An Inclusive and Diverse Office Design
Written by Mark Davies & Rosalind Poerwantoro
The workforce today is more diverse than it has ever been, and commercial offices and workspaces have an important role to play in supporting this. When working with our clients across the financial, legal and tech industries to design or reimagine their workspaces, promoting inclusivity is one of the main drivers.
A startling fact which highlights the disparity between the design of traditional office space and the make up of employees in companies is that many buildings’ heating and cooling systems are designed around a 11.5 stone male. An important issue for businesses is attracting and retaining talent as well as ensuring the productivity and effectiveness of staff to compete in an increasingly crowded market.
Hierarchical layouts, with senior management on separate offices on upper floors, cellular desks resembling a ‘battery farm’ environment and floors lacking in natural daylight, visual stimulus, or lack of variety of spaces are now recognised as having a negative impact on the comfort, efficiency and motivation of staff.
Last year was a huge year for gender equality in the workplace, with gender pay gap reporting coming into force in April 2018. Often in more traditional corporate settings, which are male dominated, fewer female facilities, a lack of flexibility and intimidating trading floors could hinder working mothers, when climbing the career ladder.
However, this is changing, office design is now a board level strategy, compared to 20 years ago when it was left to the FM team. If employers get this right the pool of talent is limitless. The flexibility of working anywhere and creating choice to avoid wasted travel time and allow for school pickups for parents is invaluable to many and creates more efficiency in use of office space as well as bringing cost benefits to employers.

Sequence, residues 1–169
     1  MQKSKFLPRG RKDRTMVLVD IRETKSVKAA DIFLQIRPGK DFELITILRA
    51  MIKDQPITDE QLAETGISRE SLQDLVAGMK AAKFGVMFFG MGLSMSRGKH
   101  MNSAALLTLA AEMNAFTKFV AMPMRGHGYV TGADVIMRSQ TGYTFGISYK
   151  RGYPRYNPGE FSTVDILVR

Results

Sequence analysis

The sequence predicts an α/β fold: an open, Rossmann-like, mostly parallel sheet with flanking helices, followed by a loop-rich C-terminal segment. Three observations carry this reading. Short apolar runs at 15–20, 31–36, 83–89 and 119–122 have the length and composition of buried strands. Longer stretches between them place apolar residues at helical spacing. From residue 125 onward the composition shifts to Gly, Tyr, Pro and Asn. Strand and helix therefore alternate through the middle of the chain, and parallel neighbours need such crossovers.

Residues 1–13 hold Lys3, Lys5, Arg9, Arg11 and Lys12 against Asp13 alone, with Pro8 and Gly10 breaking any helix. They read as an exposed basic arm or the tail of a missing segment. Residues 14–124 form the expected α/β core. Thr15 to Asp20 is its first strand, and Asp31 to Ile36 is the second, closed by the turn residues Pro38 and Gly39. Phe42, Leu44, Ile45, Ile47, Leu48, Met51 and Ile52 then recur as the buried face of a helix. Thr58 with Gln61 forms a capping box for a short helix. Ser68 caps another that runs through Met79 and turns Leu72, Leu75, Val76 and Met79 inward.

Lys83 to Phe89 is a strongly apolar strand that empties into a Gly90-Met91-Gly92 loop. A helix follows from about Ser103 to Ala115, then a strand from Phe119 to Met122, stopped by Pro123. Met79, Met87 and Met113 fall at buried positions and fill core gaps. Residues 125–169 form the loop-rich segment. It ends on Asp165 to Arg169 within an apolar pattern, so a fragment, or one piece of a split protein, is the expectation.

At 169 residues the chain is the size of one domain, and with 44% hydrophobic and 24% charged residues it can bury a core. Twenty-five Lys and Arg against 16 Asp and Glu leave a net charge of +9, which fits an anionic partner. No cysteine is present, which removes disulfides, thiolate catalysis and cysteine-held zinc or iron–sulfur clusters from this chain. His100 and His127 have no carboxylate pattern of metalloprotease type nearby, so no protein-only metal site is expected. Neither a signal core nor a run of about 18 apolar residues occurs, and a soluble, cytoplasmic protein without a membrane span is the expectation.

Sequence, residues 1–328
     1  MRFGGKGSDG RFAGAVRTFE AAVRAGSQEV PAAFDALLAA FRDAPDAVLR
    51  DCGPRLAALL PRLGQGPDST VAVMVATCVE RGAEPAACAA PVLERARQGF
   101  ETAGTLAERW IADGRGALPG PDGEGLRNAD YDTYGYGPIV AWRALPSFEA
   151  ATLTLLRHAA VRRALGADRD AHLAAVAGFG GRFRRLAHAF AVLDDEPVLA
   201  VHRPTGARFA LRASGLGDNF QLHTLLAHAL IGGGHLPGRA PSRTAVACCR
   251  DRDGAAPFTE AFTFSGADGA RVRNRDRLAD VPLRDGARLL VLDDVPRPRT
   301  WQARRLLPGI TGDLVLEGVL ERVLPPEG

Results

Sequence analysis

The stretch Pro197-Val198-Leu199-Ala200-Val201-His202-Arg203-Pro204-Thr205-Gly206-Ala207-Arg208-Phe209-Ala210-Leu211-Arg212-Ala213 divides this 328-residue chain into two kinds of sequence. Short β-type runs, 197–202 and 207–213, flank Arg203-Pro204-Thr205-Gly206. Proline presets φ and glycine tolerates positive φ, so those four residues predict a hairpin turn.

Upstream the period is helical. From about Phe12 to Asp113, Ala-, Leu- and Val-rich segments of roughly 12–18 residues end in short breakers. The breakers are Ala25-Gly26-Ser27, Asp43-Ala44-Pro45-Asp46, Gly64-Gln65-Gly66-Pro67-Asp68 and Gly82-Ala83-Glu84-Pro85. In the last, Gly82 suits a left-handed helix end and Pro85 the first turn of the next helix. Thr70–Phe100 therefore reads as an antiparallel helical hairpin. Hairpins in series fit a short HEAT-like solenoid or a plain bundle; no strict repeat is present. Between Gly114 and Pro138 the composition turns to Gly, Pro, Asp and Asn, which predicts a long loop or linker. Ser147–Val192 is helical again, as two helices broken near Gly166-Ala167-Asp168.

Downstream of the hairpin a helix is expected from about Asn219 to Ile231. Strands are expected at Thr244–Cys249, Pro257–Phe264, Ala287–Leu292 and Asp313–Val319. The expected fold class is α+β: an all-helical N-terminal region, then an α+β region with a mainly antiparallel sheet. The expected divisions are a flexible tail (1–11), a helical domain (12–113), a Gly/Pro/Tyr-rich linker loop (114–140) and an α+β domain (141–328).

We are now understanding the challenges of popular open floors – distraction and comfort predominately. Considering the generational impact is important, baby boomers have been shackled to more traditional cubicle or closed off office environments with privacy and quiet time for concentration. Whereas millennials and Generation Z have become accustomed to mobile working and thrive in collaborative, open spaces for discussion. These clashing working cultures can cause problems.
A way to tackle this is the creation of hybrid offices, small clusters of desks where teams can work together, as well as meeting rooms, concentration pods and break out areas where staff can work alone on confidential materials or simply relax.
Surrounding all of this is the importance of materials and lighting. With the focus on wellness and mental health of workers, use of biophilic design is common, with access to nature and planting recognised as beneficial for workers as well as natural light or lighting systems installed to mimic our inbuilt circadian rhythm to help workers with their productivity.
Additional initiatives include the creation of multi-function rooms, we are finding that there is a strong demand for spaces which are not related to daily working life. Installed on floors accessible for all, these spaces are for boosting productivity, rooms for napping, contemplation, meditation or prayer, mothering rooms or creches for working mothers. Often with a technology ban to allow workers a moment to get away from the constant barrage of emails.
All of these initiatives foster a community feel in the workspace. Employers are focusing on transparency, communication, inclusivity and ownership to empower staff to use their spaces. This in turn helps to create a space for everyone – allowing for diverse and talented people to breed success.
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Contact Mark Davies & Rosalind Poerwantoro